Yet, beyond such obvious criticisms lay the laudable principle that motivated Firestone’s project—to end a regime of possessiveness that led to favoring one child over another, instead of being loved for the child’s own sake, and equally led to one woman being favored over another, instead of being loved for her own sake. In fact, behind Firestone’s concerns lay a simple, wildly utopian ideal: that “all relationships would be based on love alone, uncorrupted by objective dependencies and the resulting class inequalities.”
Today, the still largely unacknowledged influence of Firestone’s thinking can be traced not only in feminist demands for women’s sexual freedom and equality, but also in the children’s rights movement, in radical efforts to reconfigure regional planning and development along more sustainable models, in critiques of age-segregation in housing and work environments, and even in the most contemporary of post-humanist theories re-imagining the relationship between humans and the non-human world, such as the writing of Donna Haraway, Rosi Braidotti, Vandana Shiva, and others. (See Further Adventures of The Dialectic of Sex: Critical Essays on Shulamith Firestone, edited by Mandy Merck and Stella Sandford) Yet, The Dialectic of Sex, until recently long out-of-print, remains largely absent from the gender studies curriculum.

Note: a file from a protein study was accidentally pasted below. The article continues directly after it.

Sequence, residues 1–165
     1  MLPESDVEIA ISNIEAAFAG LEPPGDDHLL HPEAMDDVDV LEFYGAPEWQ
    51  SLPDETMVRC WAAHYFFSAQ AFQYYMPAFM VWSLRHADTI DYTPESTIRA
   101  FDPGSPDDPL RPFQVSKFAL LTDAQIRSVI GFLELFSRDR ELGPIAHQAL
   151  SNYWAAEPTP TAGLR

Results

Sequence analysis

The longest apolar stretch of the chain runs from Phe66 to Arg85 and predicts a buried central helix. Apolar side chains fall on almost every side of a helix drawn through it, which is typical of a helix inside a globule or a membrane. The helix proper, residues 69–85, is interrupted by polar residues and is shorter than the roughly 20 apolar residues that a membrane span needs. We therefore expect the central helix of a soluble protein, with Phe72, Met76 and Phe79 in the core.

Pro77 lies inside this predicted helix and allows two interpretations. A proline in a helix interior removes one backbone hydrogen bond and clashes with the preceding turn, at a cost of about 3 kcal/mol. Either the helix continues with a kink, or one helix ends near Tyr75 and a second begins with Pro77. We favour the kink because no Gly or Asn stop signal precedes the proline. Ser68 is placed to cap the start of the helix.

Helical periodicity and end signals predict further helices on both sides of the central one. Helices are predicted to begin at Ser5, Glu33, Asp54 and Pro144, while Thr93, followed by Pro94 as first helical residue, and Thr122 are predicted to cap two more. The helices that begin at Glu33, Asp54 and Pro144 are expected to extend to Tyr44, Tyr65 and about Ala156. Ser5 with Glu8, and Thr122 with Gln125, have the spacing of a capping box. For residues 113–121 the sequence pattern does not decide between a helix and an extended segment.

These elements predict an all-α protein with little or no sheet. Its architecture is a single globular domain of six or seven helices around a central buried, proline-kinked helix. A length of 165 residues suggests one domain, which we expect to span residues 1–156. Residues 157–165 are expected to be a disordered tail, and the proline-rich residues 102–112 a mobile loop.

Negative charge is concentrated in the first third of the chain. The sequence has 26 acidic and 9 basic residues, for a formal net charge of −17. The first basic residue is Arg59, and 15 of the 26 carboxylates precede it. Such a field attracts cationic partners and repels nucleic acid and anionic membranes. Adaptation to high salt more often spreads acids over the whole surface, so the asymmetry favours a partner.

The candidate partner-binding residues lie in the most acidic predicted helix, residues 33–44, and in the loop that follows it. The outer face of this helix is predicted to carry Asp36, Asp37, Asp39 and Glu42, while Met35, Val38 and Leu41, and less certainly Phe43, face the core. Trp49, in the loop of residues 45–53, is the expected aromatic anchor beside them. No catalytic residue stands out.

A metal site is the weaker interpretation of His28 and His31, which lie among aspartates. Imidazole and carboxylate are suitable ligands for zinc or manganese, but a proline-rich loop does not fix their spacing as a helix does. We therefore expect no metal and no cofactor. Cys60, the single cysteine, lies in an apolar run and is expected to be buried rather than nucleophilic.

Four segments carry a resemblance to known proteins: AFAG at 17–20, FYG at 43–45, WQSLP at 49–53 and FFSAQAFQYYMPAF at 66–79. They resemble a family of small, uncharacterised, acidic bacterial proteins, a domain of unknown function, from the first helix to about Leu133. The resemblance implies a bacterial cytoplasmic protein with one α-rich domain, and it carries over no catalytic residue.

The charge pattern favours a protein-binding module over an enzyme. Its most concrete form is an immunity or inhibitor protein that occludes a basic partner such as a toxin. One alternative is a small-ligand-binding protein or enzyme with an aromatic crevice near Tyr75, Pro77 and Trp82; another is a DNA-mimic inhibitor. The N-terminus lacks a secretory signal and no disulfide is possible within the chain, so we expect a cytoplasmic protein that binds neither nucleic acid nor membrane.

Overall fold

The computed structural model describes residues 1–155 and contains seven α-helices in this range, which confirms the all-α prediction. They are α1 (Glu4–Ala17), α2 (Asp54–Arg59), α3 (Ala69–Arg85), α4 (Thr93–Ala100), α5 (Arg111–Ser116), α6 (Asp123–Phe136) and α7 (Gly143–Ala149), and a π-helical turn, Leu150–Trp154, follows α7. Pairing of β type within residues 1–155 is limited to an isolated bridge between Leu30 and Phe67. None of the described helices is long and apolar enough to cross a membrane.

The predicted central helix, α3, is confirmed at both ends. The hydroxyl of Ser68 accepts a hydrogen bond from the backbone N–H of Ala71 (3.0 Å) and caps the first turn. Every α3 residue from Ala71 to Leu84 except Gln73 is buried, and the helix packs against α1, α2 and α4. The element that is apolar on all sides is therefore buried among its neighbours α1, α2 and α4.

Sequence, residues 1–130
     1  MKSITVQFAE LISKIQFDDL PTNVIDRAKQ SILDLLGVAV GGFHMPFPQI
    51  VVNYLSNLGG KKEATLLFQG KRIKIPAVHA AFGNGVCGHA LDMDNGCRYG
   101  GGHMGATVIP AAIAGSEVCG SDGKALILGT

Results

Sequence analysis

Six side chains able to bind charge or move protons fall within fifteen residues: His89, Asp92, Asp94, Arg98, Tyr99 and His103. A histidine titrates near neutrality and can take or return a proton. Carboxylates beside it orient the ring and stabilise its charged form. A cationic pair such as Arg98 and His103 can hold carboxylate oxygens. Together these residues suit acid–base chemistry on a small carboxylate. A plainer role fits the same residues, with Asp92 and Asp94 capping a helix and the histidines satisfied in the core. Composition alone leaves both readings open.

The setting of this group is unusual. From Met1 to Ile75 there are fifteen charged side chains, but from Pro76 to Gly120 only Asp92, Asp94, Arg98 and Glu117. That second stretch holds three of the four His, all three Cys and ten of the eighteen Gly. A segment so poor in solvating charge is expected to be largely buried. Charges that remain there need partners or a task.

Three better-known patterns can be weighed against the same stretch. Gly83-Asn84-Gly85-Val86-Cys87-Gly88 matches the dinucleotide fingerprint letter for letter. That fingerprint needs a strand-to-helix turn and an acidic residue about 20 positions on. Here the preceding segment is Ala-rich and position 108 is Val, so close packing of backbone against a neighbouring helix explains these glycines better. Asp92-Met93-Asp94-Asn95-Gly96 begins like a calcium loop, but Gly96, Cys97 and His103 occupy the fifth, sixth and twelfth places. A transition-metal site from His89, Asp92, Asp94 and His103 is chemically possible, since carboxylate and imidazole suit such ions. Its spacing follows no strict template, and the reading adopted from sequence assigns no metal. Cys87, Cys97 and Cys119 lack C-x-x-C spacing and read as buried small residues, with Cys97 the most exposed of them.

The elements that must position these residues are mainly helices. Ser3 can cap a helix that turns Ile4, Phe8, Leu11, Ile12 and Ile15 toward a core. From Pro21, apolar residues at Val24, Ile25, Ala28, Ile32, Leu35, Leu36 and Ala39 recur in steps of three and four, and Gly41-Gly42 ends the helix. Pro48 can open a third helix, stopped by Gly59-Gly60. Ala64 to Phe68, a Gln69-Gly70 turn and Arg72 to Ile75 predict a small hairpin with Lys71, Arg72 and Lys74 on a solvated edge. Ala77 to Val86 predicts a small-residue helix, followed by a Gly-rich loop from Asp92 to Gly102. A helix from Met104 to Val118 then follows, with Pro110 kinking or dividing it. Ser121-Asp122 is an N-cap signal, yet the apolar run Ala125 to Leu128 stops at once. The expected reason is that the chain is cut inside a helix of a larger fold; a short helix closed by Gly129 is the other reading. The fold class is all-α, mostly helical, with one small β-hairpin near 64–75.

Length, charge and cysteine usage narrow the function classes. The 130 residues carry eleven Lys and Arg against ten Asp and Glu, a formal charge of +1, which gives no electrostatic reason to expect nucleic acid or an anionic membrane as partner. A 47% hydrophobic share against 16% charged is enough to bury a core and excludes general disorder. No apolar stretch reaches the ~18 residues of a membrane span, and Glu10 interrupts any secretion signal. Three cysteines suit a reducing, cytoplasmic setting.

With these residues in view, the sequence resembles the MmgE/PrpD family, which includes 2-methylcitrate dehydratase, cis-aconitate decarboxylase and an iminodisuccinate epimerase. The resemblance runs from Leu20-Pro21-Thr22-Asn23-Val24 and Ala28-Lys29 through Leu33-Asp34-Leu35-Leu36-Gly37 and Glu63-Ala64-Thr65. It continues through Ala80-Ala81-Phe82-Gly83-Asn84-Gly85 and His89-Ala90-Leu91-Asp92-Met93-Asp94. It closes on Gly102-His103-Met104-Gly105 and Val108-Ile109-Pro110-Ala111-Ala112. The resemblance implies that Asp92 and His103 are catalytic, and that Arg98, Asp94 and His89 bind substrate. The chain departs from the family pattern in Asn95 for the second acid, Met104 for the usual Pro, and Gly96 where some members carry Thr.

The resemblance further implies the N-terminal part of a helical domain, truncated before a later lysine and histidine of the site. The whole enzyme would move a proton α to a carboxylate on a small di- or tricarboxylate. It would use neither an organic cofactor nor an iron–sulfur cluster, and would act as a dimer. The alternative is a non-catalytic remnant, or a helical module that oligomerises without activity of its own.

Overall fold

A decade ago in an essay in Dissent, recounting her effort to create new editions of feminist classics, Manifesta: Young Women, Feminism, and the Future co-author Jennifer Baumgardner described her initial reaction to Shulamith Firestone’s early refusal to cooperate with reissuing her book. “I couldn't believe that I thought it was the patriarchal publishing industry keeping these books out of younger feminists' hands when, in a way, it was the authors themselves.” But she ultimately drew another lesson from Firestone’s refusal: “As I came to terms with the fact that my vision for a series of feminist classics wasn't going to be realized, I started to see the lesson in Firestone's actions. Her book was a challenge to the inevitability of the female role, especially that of the mother who has to forgo her own needs by constantly privileging the needs of her progeny.” In the end, Firestone called Baumgardner to say she wanted Dialectic of Sex included. “Every movement has its classic texts. We deserve access to ours,” wrote Baumgardner of the series published now by Farrar, Straus, and Giroux. These classics deserve to be read. And their authors deserve to be treated less like madwomen in the attic and more like revolutionaries whose vision has yet to be fully realized.